Emmaus Blog

I Am Different, Not Less

Emmaus Homes - Thursday, March 15, 2018

 

“I am different, not less.”

Diagnosed with Autism when she was 3 years old, Dr. Temple Grandin became one of the foremost public figures on Autism. Through her written works in books and articles to her interviews with today’s top broadcasters, she has been able to reshape the conversation around Autism by giving it an authentic voice. This is why Emmaus Quality Education Specialist, Cindy Burrows, has all new Emmaus team members learn more about her.

Dr. Temple Grandin is known as a Professor of Animal Science. She has changed the way livestock are handled to reduce the stress. She has designed facilities that are located all over the world. She has written several books, articles and has been interviewed by today’s top broadcasters about her work with the cattle industry and the creation of the curved chute and race systems.

But it is her work as an advocate for Autism that Dr. Grandin has gained respect and attention when she speaks. Dr. Grandin was diagnosed with Autism and did not talk until she was three and a half years old. Through many years of working hard and support from her family, she became one of the most sought out speakers and authors on Autism. Because she has the personal experiences, she was the first individual to give an inside narrative of Autism. At the age of 18, she created the “Hug Box”. A machine created and built by Temple to provide herself with deep touch pressure to relieve anxiety and other problems associated with tactile defensiveness. These machines are now used worldwide to help those individuals with Autism Spectrum disorder.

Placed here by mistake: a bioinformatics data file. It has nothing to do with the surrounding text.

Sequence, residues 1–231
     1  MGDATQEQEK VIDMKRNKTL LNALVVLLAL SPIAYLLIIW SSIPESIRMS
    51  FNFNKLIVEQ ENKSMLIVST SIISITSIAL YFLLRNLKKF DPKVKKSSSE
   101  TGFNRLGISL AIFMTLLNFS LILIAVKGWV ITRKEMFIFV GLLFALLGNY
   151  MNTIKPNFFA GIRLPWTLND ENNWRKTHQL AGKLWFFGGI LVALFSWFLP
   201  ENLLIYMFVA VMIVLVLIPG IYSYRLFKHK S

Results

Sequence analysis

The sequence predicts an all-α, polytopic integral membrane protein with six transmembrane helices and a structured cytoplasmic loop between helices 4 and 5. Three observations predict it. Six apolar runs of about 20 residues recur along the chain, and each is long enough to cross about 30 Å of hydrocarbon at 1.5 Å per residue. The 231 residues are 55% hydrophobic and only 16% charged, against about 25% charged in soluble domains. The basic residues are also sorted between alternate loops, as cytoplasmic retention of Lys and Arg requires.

Just to hear a few of her quotes demands the respect that she deserves;

“One of the problems today is for a kid to get any special services in school, they have to have a label. The problem with Autism is you’ve got a spectrum that ranges from Einstein to someone with no language.”

“What would happen if the Autism gene was eliminated from the gene pool? You would have a bunch of people standing around in a cave, chatting and socializing and not getting anything done.”

 

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